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Kick-off symposium of Academic Collaborative Center for Digital Health & Mental Wellbeing focuses on co-creation

Published: 21st June 2023 Last updated: 21st June 2023

At the kick-off symposium of the Academic Collaborative Center for Digital Health & Mental Wellbeing on 13 June, scientists and social partners together took a significant step in the development of a cooperation agenda for the Center. The bottom-up approach, in which co-creation is used to decide what research questions should receive attention, is characteristic of the working method adopted by the University-wide Academic Collaborative Centers.

The goal of the University-wide Academic Collaborative Centers is to create an interdisciplinary ecosystem that engenders impact and innovation and in which science responds to the current issues in society. Academic leads Emiel Krahmer and Inge Bongers call this ‘science with the windows wide open’, referring to the 2022 report by the Royal Netherlands Academy of Arts and Sciences on scientific research with impact. With this kick-off symposium the Academic Collaborative Center for Digital Health & Mental Wellbeing has taken a significant step in that regard. 

Mixed audience 

The ultimate aim of the Academic Collaborative Center for Digital Health & Mental Wellbeing is to enter into a cooperation agenda with around a dozen social partners. The symposium gave scientists and current and potential partners the opportunity to get to know each other and explore the four provisional key subjects. The attendees were a very mixed group, with professionals from the mental health sector, insurance providers, hospitals, and data centers, but also family doctors and developers of apps and online platforms, for example. Academia was well represented too. There were researchers from Tilburg University with expertise in the field of ethics, psychology, epidemiology, communication, law, data science, linguistics, statistics, and medical science.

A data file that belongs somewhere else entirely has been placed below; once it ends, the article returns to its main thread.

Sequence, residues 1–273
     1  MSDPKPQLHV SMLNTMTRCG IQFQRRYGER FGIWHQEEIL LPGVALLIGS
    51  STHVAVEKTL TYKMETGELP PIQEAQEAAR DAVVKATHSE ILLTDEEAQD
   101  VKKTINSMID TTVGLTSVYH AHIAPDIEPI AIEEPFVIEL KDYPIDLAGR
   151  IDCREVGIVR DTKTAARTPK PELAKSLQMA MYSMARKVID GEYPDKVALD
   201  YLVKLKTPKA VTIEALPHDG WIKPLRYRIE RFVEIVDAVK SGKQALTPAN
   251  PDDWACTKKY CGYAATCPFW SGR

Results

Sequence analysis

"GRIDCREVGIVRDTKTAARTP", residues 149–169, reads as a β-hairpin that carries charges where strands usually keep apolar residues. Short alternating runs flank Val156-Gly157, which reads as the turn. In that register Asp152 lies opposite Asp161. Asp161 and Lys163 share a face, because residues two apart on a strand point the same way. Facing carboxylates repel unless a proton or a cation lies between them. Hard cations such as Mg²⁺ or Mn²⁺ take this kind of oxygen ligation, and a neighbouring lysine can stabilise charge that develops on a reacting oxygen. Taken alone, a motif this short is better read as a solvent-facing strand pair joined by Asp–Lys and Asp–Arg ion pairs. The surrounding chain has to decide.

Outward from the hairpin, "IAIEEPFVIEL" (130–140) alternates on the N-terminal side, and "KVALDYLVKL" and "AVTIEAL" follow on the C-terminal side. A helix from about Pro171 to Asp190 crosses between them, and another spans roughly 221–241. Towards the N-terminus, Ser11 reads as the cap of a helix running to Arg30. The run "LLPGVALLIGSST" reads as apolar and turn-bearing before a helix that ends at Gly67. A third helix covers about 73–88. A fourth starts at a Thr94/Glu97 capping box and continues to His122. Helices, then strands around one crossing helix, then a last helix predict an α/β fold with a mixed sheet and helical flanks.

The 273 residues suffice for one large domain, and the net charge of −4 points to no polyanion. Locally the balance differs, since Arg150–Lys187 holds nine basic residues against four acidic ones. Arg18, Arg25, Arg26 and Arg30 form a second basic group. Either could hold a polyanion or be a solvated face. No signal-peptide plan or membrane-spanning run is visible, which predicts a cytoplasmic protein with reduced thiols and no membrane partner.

“Over the past year we have had many discussions, both within the university and outside it, with a large variety of parties from civil society,” says Emiel Krahmer, one of the academic leads. “It’s good to see that the subject matter of this Academic Center clearly resonates and it’s also interesting to see how similar research questions are raised in so many very different places.” 

Exploring four subjects 

Working in mixed groups, the participants exchanged ideas on four key subjects: Data and digitization, Prevention and self-monitoring, Technological developments and evaluation, and Policy and practical implementation. The objective was to find out in what areas there is still a dearth of important knowledge. And it emerged that the precise long-term effects of eHealth need to be mapped better, that it is not clear enough who is actually responsible for the maintenance and quality of eHealth applications, and that making digital tools life-proof is proving challenging. It also became apparent that, although more and more data are available, there needs to be more clarity about the quality of these data and about how they can be communicated in a meaningful manner to many different stakeholders. 

Next steps 

After the summer, further refinements will be made to the cooperation agenda in consultation with partners and prospective partners. These will include hospitals, mental health care institutions, the municipality and province, e-health companies, technology developers, patient groups, family doctors, company health networks, research institutes, and healthcare insurers. The outcomes of the initial symposium will be included in the agenda.  

The period 2023-2024 will be used to expand and consolidate the network, to agree a cooperation agenda and to initiate research projects. From 2025, the focus will be on further expansion of the cooperation agenda, not only in terms of conducting research, but also with regard to teaching, exchanging knowledge, and implementing knowledge.  

Would you like to be part of the network? 

Do any of the four subjects mentioned relate to your expertise and would you like to find out whether collaboration within the ecosystem of the Academic Collaborative Center for Digital Health & Mental Wellbeing is a good fit for you? Just contact project manager Esther van Vliet. You could also subscribe without obligation to the newsletter of the University-wide Academic Collaborative Centers.